In S2N’s very first blog, back when we founded our company in 2011, we shared our top 5 reasons why we like the med tech industry. Times have been challenging for emerging med tech companies, though, and the bad days can make you start to doubt your career choices. Maybe it’s time to do something sexier, like develop an app for $0.99 that 100 million people want, or a biotech drug for a really bad disease that 12 people have.
Yet we continue to soldier on, humbly confident that medical devices are still important, and in fact things are looking up for med tech in 2014. It’s been a good year for S2N as well, so we got bold and added some youthful talent to our team. When we offered Andy the job, we weren’t sure we could compete with the glitz and glamour of biotech. Why would anyone with a million possibilities want to get into med tech now, much less work with us?
To lay our bewilderment to rest, and shamelessly fish for complements from our vulnerable new hire, we asked Andy to refresh our top 5 List with his reasons for entering the med tech field. What attracts a young buck like Andy to join us rapidly aging folk in the pursuit of med tech nirvana?
Here’s what Andy had to say:
- Have you ever heard of Facebook? Yeah, me too. Like most of my generation, I was raised by the Internet. We worshipped Mark Cuban and Mark Zuckerberg, now household names; Silicon Valley is the new Hollywood. What I see in med tech is a potential to rekindle a forgotten industry. While many of my peers flew out West like moths to a bright light, I trekked up to the land of miserable winters and unhealthy Red Sox obsessions (also known as Boston). I knew I wanted to work in an industry that was a little less glitz and a little more grit. Call me naïve, but I see med tech taking front stage in the next tech boom. I’m just getting in while it’s still under everyone else’s radar.
- From day one of college I knew I wanted to get into biomedical engineering. In my years of lab research I grew to love the concept of manipulating the mechanics of biological systems to create whole new technologies. But sometimes it felt like my scientific papers were just landing in the great academic abyss. Blame it on me, or blame it on the short attention span of my entire generation, but I knew I needed a little more instant gratification. Wait, what was my point again? Oh right: I wanted to work in an industry that lets you see the hard work of lab research put to use in the real world, and in real people.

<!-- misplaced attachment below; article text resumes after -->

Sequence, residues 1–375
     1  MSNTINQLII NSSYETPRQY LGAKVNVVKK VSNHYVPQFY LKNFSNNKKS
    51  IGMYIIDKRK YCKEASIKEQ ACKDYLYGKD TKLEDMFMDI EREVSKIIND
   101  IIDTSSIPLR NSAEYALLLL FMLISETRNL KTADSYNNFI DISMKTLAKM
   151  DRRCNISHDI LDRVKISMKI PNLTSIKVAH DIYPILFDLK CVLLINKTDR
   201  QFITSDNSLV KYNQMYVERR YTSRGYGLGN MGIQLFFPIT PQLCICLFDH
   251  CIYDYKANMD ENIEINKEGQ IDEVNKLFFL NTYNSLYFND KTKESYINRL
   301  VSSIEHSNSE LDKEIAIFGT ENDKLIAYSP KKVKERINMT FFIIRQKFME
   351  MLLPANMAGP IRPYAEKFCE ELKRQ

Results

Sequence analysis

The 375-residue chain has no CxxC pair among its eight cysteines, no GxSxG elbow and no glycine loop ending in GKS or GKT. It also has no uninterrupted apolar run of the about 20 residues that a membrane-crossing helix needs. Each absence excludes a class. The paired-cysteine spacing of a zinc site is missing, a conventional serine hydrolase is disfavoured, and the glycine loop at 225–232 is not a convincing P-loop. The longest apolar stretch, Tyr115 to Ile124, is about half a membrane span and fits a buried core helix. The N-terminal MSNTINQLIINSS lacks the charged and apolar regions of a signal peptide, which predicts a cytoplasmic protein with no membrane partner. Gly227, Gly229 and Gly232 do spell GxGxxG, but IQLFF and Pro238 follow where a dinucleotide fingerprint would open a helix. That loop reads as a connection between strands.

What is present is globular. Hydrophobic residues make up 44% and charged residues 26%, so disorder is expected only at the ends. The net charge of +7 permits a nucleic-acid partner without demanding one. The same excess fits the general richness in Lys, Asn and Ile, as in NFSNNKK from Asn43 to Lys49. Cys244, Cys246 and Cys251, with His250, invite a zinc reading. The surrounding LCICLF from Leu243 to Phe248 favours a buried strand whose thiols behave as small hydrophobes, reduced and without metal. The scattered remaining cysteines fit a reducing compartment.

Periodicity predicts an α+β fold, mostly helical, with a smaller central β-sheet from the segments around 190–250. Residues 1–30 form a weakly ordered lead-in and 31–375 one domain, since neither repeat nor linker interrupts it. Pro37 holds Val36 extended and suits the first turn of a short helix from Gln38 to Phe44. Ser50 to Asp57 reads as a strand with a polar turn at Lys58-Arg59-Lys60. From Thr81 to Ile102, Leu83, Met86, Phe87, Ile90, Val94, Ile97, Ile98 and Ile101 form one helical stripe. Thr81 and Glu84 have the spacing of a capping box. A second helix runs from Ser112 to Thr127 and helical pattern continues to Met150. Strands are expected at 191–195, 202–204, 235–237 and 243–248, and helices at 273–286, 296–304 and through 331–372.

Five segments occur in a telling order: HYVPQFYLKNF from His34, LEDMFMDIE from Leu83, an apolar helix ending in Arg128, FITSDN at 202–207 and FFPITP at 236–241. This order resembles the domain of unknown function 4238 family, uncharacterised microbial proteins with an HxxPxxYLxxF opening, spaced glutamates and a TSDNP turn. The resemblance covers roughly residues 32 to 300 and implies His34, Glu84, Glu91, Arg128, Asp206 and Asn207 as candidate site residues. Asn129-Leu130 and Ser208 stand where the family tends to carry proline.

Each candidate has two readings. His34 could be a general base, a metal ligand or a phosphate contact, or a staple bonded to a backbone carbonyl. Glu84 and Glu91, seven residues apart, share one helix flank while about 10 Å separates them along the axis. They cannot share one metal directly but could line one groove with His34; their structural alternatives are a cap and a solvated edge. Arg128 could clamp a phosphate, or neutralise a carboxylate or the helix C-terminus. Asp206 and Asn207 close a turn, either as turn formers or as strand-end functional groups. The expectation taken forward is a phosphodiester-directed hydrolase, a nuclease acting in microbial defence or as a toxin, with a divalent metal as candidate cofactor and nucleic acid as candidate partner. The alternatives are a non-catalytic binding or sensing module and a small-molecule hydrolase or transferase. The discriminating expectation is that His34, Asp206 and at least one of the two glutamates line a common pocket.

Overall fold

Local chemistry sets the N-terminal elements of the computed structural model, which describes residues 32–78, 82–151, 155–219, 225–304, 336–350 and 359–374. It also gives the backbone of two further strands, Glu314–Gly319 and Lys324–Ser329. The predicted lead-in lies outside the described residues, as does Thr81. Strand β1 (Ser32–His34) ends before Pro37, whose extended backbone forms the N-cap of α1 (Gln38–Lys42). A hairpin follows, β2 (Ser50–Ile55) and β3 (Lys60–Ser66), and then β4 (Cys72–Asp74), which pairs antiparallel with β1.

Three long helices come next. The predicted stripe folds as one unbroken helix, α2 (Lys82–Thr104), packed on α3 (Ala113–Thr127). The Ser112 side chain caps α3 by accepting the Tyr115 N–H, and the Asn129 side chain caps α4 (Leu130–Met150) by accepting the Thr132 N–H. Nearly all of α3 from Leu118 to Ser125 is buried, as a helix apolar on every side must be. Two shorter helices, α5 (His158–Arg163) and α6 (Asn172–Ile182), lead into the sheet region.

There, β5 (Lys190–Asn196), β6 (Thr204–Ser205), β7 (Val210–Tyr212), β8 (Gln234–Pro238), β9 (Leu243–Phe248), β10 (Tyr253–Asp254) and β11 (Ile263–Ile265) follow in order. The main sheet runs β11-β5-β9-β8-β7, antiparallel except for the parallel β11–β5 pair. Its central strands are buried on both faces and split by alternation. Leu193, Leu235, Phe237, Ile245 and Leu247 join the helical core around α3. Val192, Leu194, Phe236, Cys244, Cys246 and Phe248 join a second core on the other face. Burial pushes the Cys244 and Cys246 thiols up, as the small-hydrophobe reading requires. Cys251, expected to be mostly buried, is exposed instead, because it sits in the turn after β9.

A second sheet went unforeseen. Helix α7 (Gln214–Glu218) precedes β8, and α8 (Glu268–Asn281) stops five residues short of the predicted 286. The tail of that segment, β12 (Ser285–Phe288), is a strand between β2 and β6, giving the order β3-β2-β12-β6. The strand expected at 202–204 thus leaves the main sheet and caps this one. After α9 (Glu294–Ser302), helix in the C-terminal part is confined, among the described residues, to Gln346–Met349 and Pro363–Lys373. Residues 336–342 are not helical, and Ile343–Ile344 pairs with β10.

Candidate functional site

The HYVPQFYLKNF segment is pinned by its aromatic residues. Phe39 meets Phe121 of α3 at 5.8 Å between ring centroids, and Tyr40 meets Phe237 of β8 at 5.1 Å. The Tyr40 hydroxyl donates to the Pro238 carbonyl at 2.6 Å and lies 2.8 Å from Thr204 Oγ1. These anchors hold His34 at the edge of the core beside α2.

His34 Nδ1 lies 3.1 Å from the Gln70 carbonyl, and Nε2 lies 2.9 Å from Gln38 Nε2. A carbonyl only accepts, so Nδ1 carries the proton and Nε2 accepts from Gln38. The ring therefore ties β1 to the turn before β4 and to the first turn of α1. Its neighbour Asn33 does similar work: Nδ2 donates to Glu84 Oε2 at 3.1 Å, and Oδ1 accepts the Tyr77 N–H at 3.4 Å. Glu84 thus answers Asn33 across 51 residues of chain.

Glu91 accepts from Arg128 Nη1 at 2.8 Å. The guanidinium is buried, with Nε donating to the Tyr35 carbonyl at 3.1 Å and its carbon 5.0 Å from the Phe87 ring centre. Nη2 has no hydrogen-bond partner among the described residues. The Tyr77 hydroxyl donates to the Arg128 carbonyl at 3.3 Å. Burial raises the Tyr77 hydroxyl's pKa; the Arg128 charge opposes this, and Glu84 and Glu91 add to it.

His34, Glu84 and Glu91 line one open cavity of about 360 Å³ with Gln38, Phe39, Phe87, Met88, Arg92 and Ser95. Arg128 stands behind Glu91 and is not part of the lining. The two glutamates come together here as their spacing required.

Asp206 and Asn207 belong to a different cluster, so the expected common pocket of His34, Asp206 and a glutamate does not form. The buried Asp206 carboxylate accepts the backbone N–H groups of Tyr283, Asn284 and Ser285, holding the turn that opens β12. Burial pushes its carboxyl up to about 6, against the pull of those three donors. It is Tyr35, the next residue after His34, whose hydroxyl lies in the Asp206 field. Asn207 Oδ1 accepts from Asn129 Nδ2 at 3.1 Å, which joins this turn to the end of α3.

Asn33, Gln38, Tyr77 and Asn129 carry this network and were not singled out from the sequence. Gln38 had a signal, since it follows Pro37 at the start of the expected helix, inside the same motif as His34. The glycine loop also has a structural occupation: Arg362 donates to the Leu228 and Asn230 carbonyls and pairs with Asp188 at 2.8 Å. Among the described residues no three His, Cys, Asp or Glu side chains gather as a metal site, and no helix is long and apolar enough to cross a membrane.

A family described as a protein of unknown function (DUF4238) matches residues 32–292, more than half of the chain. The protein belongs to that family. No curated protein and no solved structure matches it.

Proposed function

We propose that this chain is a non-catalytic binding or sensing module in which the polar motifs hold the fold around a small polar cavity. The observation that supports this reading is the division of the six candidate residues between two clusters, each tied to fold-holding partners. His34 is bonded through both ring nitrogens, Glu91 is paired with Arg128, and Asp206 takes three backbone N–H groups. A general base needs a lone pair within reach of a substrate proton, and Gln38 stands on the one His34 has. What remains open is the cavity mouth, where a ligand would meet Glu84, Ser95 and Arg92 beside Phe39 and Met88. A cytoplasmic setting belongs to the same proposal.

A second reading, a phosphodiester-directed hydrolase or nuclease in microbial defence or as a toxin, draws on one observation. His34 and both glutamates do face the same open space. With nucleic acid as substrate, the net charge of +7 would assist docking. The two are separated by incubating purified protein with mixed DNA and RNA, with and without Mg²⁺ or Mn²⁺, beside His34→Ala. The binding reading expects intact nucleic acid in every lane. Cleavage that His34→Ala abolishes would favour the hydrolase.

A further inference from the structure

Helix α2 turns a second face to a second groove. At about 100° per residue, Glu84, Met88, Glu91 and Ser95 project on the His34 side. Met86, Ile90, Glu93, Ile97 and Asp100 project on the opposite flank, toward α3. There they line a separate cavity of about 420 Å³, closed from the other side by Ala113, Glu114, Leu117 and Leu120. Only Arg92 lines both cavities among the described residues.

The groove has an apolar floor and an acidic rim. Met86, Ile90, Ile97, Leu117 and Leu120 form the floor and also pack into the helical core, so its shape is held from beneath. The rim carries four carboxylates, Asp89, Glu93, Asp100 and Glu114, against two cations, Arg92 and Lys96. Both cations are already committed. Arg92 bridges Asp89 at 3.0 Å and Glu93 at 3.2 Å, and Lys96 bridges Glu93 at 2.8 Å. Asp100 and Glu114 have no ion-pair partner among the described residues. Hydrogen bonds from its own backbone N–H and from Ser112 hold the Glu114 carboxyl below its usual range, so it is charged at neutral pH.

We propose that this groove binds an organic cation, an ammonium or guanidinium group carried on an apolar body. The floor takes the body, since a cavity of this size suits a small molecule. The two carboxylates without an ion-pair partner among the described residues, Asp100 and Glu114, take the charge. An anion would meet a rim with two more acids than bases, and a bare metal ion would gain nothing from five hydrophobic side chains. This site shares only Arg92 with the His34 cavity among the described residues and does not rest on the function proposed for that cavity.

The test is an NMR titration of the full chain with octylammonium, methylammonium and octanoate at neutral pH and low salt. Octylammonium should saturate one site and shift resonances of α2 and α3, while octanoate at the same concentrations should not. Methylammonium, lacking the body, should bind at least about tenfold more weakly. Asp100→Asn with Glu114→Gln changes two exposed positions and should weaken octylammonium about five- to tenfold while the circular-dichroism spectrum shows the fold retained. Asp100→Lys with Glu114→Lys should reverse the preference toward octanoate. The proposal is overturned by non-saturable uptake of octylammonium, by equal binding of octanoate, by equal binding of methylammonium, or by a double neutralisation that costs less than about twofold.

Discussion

- Biology is all about revealing the fundamental mechanism behind a process. As a biologist (-ish), I wanted to understand the process of taking knowledge learned at the lab bench and spinning it into a company. After so many years focusing on the science behind medical devices, I became increasingly curious about the businesses behind them, too. Based on my experience, the majority of scientists have only a hazy concept of everything that must happen to translate a science project into a revenue-generating product. The way I see it, this is my new mission: to reveal the mechanisms of turning science into business.
- I really should have put this at #1, but here it is: the problems that medical devices take on are the problems worth solving. As much as I love sharing pictures of what I had for dinner with all my Internet friends, the gains for humanity made by these trendy apps are lost on me. With med tech though, every new product launch has the potential to improve or extend a patient’s life. This business might not be the most glamorous, or the best for hitting a jackpot product, but at least the medical device industry strives to tackle real problems. And that makes going to work every day worthwhile.
- Deep down, everyone is a salesman, whether you are trying to sell a device, some old speakers on Craigslist, or even just sell yourself as a talented, competent professional. Growing up, I always seemed to be meddling in some “make a quick buck” scheme. Maybe it was this unquenched entrepreneurial spirit that finally drove me to the scrappy space of med tech startups. I wouldn’t be surprised if the thrill of teetering between boom and bust brought you all to this space as well. Whatever the outcome, you know that you are taking action, trying to do something that matters.
There you have it – why I chose to go into the med tech industry in 700 words or less. Now I get to peer into the black boxes of a dozen different med tech companies, all of which are at the forefront of their space. Who knows which one is going to be the next household name?
The views and opinions expressed on are solely those of the original author. These views and opinions do not necessarily represent those of MassDevice.com.